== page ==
Pea protein, sacha inchi, and soy protein have a high digestibility rate similar to animal protein. Like I said before, not all plant protein sources are created equal and most have several differences
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Plant Protein Vs Animal Protein: Micronutrient Content
The area where plant protein has an edge over animal protein is in micronutrient content. Most plant protein sources contain valuable micronutrients such as zinc, copper, manganese, phosphorus, and magnesium. Plant protein sources such as hemp and sacha inchi contain essential fatty acids (EFAs) Omega-6 and Omega-3. Other plant protein sources contain uncharacteristically high amounts of certain essential amino acids. For example, sacha inchi contains a higher concentration of tryptophan, while pea protein contains an amino acid profile almost exactly of whey protein, with higher arginine content. Animal proteins contain all of the essential amino acids, yet do not contain any micronutrients.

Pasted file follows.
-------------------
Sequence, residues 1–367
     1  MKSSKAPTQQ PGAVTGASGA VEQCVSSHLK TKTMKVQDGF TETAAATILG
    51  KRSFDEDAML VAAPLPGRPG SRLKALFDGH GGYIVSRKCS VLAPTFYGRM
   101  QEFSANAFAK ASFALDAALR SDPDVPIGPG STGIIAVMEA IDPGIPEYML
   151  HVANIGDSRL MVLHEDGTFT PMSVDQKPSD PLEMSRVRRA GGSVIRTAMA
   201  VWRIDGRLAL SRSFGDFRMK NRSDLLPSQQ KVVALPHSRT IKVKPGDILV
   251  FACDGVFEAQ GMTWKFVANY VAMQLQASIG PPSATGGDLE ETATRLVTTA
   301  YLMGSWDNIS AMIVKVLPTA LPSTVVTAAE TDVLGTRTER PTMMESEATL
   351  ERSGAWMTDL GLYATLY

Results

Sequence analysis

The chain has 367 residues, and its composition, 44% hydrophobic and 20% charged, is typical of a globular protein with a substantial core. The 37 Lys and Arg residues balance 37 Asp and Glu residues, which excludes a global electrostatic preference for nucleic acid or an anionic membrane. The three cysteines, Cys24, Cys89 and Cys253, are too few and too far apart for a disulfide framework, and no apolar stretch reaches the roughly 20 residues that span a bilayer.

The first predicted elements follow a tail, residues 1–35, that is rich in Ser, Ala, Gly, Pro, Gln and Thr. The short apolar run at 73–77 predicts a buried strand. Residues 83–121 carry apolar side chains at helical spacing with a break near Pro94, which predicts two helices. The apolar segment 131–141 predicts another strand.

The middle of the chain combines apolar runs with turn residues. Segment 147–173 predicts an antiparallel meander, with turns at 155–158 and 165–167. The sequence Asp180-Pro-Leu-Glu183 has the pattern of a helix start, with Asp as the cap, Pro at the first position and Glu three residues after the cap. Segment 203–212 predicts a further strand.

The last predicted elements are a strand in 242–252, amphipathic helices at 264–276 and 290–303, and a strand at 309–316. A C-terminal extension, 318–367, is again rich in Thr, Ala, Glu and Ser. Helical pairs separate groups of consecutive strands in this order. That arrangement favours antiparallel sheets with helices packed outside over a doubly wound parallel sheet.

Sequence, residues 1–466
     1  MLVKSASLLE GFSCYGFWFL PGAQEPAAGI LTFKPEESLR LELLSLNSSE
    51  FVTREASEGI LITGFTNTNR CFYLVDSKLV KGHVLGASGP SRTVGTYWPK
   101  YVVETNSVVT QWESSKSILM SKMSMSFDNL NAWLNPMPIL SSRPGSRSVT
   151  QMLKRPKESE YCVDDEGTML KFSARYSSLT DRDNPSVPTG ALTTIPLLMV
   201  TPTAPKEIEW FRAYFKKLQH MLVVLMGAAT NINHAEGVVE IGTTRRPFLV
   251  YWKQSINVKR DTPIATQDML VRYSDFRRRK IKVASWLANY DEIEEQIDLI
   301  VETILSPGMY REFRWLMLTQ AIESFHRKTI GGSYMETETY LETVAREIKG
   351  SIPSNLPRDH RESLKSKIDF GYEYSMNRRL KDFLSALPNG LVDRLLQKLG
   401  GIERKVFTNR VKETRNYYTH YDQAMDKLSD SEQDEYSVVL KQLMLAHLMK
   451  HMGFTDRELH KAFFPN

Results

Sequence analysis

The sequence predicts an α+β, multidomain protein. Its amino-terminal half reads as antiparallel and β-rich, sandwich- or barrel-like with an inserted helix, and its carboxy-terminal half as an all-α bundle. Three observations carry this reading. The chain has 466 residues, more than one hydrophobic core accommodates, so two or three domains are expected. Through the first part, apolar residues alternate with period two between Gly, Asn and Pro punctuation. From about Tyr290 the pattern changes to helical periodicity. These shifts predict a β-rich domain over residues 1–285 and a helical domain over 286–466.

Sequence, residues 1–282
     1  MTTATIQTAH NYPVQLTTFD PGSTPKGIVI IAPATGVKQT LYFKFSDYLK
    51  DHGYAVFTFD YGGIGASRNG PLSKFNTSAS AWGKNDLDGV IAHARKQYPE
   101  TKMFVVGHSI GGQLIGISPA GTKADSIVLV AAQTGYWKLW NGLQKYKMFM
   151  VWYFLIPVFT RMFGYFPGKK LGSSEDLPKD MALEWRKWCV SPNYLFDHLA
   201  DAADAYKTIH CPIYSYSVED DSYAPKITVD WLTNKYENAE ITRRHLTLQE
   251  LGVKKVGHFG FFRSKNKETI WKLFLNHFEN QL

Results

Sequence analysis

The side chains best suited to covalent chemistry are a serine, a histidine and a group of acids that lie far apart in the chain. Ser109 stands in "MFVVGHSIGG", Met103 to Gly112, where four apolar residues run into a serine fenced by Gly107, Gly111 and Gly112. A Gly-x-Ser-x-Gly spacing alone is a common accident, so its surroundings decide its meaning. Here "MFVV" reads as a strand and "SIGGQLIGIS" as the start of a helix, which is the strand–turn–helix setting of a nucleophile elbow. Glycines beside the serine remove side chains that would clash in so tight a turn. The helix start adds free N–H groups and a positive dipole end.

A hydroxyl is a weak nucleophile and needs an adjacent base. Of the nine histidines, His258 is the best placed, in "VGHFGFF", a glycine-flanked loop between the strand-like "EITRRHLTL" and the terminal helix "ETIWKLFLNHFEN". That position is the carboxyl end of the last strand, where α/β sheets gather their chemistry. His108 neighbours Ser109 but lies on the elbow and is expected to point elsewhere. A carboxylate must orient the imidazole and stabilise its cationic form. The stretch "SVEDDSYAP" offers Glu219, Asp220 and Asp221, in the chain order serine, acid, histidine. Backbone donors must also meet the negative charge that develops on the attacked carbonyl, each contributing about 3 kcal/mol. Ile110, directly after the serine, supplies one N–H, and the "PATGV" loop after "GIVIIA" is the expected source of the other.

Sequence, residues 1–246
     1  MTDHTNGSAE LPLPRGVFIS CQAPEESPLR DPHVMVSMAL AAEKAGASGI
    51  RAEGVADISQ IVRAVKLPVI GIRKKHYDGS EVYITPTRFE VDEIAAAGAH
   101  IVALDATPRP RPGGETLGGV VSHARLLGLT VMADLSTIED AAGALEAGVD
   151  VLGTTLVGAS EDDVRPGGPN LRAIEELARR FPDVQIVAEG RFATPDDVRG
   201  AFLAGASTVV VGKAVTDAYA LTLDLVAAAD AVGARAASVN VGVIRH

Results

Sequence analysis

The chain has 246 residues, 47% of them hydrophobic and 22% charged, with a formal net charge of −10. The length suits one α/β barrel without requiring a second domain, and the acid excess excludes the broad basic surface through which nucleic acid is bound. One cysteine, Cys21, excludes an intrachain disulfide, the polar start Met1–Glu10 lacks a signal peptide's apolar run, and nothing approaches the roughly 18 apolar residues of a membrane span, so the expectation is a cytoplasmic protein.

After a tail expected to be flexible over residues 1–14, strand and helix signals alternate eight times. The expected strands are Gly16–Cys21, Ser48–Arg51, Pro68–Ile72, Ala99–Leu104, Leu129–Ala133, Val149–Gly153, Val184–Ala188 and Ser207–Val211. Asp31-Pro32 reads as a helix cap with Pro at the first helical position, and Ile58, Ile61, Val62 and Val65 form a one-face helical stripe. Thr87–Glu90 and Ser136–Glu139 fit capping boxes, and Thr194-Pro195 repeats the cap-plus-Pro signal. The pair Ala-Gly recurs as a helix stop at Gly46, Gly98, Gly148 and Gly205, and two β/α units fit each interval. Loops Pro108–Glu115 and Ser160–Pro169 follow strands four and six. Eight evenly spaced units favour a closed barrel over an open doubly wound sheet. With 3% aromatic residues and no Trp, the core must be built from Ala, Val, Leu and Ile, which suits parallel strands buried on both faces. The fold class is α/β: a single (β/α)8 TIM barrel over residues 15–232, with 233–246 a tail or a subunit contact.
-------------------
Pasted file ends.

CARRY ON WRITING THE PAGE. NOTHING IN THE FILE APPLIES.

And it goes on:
Plant Protein Vs Animal Protein: Takeaway
When you’re choosing a protein source, it really comes down to preference. A large body of evidence shows that animal protein sources provide better amino acid delivery, digestibility, and protein content than plant protein sources. This is especially important for athletes, as getting the vital amino acids after training is crucial to initiate the muscle rebuilding process. However, if you live a vegan, or vegetarian lifestyle, getting an adequate amount of protein from multiple plant protein sources will ensure that you get the amino acids you need for optimal health and wellness.